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Everything that can be invented has been invented.

--Charles H. Duell, Commissioner, U.S. patent office, 1899

Does this sentence describe the post-Steve-Jobs Apple (AAPL)? It seems so. Apple just announced that it has put Retina display on MacBook Pros. Earlier, Apple put Retina display on the new iPad. So this marked the second time this year that Apple has been re-hashing its own invention in a marginal way.

(Click to enlarge)

Is this a harbinger that Apple is running out of ideas? To answer this question, let's examine the history of Apple's inventions on the iPod and iPhone. Not to be bogged down with unnecessary details, I focus only on the interface directly interacting with consumers and didn't include the more "invisible" upgrades such as memory or CPU speed.

1. iPod

DateEventInventionsProduct line expansionUpgrade
2001Invention10 GB hard drive, mechanical scroll wheel
2002Upgrade 20 GB hard drive
2003Upgradetouch wheel 40 GB hard drive
2004Product line extensioncolor screenmini60 GB hard drive
2005Product line extensionflash storagenano, shuffle80 GB hard drive
2007Product line extension touch
2007-Upgrade storage capacity increase

2. iPhone

DateEventInventionsProduct line expansionUpgrade
2007Invention100% touch screen interface, thin
2008Upgrade (3G) GPS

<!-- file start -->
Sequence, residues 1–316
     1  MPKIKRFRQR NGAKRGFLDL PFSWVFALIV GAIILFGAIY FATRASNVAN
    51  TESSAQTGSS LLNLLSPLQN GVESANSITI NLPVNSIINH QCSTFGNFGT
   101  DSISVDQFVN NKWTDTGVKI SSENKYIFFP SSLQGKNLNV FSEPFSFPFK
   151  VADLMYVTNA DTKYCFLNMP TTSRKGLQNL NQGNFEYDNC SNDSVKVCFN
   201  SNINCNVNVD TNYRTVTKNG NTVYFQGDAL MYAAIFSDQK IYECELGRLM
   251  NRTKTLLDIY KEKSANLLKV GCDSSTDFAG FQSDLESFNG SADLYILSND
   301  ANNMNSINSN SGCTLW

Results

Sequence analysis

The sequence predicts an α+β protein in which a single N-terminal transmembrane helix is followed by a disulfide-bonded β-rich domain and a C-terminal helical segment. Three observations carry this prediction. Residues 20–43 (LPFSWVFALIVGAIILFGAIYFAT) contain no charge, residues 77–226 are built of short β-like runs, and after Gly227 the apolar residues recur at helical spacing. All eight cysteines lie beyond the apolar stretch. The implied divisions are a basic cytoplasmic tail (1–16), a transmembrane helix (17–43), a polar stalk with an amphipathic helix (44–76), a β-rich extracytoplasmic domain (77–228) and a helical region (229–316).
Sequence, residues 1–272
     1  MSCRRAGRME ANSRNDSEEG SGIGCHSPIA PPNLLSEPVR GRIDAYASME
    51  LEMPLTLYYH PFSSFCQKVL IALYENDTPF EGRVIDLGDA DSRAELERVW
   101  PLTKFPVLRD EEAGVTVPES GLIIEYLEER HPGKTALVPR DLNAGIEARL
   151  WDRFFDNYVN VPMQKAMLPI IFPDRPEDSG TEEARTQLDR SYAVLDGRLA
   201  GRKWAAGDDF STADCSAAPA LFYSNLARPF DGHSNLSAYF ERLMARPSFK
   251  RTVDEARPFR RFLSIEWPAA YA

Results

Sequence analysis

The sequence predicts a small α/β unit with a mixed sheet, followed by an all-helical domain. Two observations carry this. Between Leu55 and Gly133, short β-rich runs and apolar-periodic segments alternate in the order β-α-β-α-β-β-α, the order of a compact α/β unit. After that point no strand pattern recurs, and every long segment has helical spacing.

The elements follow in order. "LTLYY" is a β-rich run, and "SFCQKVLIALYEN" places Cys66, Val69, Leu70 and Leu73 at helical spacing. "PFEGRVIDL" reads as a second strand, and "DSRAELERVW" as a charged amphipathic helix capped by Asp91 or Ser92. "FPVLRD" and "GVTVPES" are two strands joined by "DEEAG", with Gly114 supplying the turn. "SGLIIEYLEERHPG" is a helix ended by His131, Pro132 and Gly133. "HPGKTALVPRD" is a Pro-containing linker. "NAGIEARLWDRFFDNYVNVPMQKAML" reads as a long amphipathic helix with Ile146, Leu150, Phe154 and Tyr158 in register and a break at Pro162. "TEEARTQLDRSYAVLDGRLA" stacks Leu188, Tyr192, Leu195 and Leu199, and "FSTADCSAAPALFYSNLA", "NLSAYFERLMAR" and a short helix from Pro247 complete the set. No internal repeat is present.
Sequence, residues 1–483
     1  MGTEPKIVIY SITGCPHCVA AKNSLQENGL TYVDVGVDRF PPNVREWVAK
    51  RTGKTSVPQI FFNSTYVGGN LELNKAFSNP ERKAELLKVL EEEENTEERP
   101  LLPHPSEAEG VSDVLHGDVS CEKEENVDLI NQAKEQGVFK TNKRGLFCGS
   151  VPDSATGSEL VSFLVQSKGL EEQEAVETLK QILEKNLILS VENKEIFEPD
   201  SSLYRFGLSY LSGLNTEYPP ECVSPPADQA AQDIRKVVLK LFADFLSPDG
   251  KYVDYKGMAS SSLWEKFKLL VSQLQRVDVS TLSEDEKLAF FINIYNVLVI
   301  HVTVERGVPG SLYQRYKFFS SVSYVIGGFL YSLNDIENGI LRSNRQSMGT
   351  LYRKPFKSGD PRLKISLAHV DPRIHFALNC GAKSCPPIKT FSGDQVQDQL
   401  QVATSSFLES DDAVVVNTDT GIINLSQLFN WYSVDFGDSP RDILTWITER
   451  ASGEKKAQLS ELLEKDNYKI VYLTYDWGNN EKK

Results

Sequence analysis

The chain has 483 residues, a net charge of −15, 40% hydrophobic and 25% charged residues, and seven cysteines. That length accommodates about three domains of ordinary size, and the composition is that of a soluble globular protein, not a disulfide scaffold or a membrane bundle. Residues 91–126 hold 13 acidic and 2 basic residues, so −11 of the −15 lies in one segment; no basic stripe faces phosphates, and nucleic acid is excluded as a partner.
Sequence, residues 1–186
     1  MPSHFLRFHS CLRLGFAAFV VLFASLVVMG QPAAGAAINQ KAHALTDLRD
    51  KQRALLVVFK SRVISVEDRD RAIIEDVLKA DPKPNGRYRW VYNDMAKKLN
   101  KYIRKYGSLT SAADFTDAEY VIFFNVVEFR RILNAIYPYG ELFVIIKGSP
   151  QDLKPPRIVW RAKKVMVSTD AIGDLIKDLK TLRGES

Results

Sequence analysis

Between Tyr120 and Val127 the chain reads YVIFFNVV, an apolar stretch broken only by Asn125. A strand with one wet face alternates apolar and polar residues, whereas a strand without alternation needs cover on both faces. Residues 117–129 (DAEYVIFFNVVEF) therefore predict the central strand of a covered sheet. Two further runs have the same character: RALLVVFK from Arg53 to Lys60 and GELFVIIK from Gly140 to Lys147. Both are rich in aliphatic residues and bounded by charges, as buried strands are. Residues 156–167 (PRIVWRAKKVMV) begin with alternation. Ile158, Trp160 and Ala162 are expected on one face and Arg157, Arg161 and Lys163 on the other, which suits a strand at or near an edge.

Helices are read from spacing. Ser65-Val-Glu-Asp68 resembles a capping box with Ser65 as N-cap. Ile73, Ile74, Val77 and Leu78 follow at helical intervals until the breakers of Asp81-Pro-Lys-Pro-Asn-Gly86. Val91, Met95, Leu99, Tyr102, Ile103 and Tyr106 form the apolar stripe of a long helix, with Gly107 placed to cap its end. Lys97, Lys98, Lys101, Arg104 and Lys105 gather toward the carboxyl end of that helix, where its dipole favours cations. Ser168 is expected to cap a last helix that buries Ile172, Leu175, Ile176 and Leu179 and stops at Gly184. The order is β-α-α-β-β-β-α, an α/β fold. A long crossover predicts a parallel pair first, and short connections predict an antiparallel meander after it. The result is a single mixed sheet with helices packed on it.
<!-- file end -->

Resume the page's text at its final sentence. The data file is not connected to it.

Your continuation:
2009Upgrade (3GS) camera, connection speed, larger storage
2010Upgrade (4)Ratina display thinner, front camera
2011Upgrade (4S)Siri larger storage
2012Upgrade (5)???

What does this piece of history mean? We observe that Apple usually does not add large scale inventions to a product once it is successfully launched. Just like many conventional businesses, Apple relies on incremental upgrades and product line expansions to stay ahead of its competitors. Therefore, Apple's core competency is in getting into a new product or category early and maintaining the lead for the next 5-10 years.

Using this theory, we may soon observe product line expansion on the iPhone 5-- if it doesn't happen this year. In this sense, Apple may be copying its copycats such as Samsung (OTC:SSNLF), by offering phones with different screen sizes, or Nokia (NOK), by offering phones with different colored cases. That script would be just like what Apple did with iPod.

Before we see Apple's next big new idea under Tim Cook, we shall expect to see more incremental changes like applying Retina display to the MacBook, or tweaking the design of the iPhone a little bit. We shall not, however, expect to see dramatic changes in the iPhone 5.

What does this mean to Apple's stock price? It means the market will stay anxious about the potential risk of Apple not catching the next big thing. Apple is likely to stay somewhat undervalued despite its earning power. A $900 stock price may not happen-- until Cook pulls a surprising recipe out of Apple.

Source: Is Apple Running Out Of Ideas?